Whether an incident involves complications from medical treatment or a catastrophic automobile crash, individuals who believe they have suffered as a result of someone else's negligence might have grounds for a lawsuit. Utah laws governing personal injury litigation have unique requirements, although some legal procedures are similar nationwide.
What Is The Jurisdiction For My Lawsuit?
Individuals requesting less than $10,000 in damages can file personal injury lawsuits in Utah's small claims courts. They should do so in the county in which they reside or in the county where the accident occurred. Lawsuits seeking greater amounts are filed in District Court.
How Long Do I Have To File Litigation?
In Utah, plaintiffs in most cases face a four-year statute of limitations for filing personal injury claims. However, the statute is two years for medical malpractice and product liability suits. In medical malpractice, the deadline begins from the date the injury or problem was discovered.
What Is The Filing Procedure?
A personal injury case begins when the plaintiff files a legal document known as a complaint. This describes the accident and requests damages. The person or organization accused in the complaint, called the defendant, has 20 days to file a response. They have 30 days to respond if they don't live in the state. In addition to denying the accusations, defendants can file crossclaims with their responses, blaming another party or the plaintiff.
How Will Damages Be Determined?
Lawsuits may include requests for reimbursement for lost wages, medical expenses and damaged property. These are compensatory damages. Non-economic damages, such as compensation for emotional distress or pain and suffering, are also permitted, although there are caps in medical malpractice and product liability cases. Punitive damages are permitted only if there is clear evidence of willful negligence. Utah prohibits plaintiffs from collecting damages if they are found to be more responsible for the accident than the defendant.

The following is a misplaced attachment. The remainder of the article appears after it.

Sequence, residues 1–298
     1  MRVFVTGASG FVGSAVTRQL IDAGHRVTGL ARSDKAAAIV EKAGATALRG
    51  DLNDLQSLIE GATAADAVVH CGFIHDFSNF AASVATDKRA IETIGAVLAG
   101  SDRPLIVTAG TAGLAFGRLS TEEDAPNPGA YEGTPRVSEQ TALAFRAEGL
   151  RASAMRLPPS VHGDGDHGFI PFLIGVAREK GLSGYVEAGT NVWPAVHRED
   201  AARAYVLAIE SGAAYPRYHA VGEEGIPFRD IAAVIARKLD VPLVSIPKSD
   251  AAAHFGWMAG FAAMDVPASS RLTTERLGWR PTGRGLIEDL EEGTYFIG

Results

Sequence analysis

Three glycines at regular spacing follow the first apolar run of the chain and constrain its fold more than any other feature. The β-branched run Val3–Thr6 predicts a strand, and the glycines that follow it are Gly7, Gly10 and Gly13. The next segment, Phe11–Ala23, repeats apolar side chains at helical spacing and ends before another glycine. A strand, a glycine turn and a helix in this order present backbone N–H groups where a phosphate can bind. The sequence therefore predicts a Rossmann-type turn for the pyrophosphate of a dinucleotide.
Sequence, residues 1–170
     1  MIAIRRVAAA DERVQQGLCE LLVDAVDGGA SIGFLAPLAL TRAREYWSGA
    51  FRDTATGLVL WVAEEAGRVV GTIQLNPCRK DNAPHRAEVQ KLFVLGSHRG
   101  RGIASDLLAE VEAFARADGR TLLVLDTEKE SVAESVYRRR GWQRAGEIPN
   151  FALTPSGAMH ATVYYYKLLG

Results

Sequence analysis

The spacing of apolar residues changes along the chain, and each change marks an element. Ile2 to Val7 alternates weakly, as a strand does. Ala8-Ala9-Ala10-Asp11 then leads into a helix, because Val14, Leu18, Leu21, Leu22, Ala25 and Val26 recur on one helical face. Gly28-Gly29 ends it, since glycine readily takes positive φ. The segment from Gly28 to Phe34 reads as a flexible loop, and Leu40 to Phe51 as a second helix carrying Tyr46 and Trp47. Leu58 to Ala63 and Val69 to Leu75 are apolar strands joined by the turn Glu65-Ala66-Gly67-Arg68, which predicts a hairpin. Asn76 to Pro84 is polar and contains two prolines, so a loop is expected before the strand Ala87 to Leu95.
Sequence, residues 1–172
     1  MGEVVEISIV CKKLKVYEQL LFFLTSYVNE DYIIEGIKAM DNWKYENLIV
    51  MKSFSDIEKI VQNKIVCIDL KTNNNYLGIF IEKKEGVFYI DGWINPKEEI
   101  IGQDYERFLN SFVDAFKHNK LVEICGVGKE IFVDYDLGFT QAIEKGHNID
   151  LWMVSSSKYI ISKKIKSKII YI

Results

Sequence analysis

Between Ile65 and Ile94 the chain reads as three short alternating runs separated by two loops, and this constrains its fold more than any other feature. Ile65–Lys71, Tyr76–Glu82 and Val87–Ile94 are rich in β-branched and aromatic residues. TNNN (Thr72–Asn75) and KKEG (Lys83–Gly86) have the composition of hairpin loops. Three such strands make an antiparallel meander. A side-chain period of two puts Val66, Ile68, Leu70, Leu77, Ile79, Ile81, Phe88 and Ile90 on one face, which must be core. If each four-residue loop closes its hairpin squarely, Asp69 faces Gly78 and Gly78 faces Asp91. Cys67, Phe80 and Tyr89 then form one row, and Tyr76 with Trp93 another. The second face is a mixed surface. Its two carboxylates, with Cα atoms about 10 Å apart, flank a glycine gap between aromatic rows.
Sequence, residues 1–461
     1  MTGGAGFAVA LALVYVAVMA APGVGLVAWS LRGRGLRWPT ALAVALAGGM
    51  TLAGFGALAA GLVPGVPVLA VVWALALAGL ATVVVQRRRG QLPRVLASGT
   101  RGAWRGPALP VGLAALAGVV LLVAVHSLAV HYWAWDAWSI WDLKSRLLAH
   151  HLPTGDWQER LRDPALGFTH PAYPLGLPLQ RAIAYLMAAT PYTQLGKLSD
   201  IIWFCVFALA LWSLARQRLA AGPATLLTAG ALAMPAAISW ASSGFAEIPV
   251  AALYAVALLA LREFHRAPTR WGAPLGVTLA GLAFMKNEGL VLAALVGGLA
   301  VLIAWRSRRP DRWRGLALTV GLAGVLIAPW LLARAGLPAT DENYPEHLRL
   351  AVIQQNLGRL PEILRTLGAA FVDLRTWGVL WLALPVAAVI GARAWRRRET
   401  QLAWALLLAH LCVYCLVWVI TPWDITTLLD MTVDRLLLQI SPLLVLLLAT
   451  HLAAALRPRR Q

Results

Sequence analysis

Preparations For Trial
As litigants prepare for court, multiple procedures occur. Some involve exchanging information and evidence. This process, called discovery, can include various components:
- Medical records, including court-ordered mental or physical evaluations
- Documentation, including anything related to the case, even if it is stored electronically
- A list of witnesses that includes contact information and names of experts
- Interrogatories, which are written questions the other side must answer.
How long each side has to disclose information depends on the dollar amount of damages sought in the case.
Alternative Dispute Resolution
Rarely do personal injury cases reach trial. The vast majority settle out of court or resolve through mediation, arbitration or neutral assessment. These methods of alternative dispute resolution are not required in Utah, but judges encourage them because the processes are efficient and economical for all parties, including the judicial system.
Proceeding To Trial
Trial commences with the selection of jurors. Most cases involve eight jurors, but if less than $20,000 in damages is being sought, only four are required. The defendant and the plaintiff present evidence, and three-quarters of the jurors must agree to the verdict. If either party has legal grounds to disagree with the verdict, including the amount of damages, they can appeal the decision.
What Will The Lawsuit Cost?
Many personal injury litigators represent clients on a contingency basis. This means they are not paid unless the plaintiff is awarded damages, although they are reimbursed for expenses. The standard fee is one-third of any monetary award. This is the state's legal limit for medical malpractice cases.
Consulting An Attorney
This article offers a general overview of Utah personal injury law. It is not intended to offer legal advice. Consult with an attorney for answers to specific questions.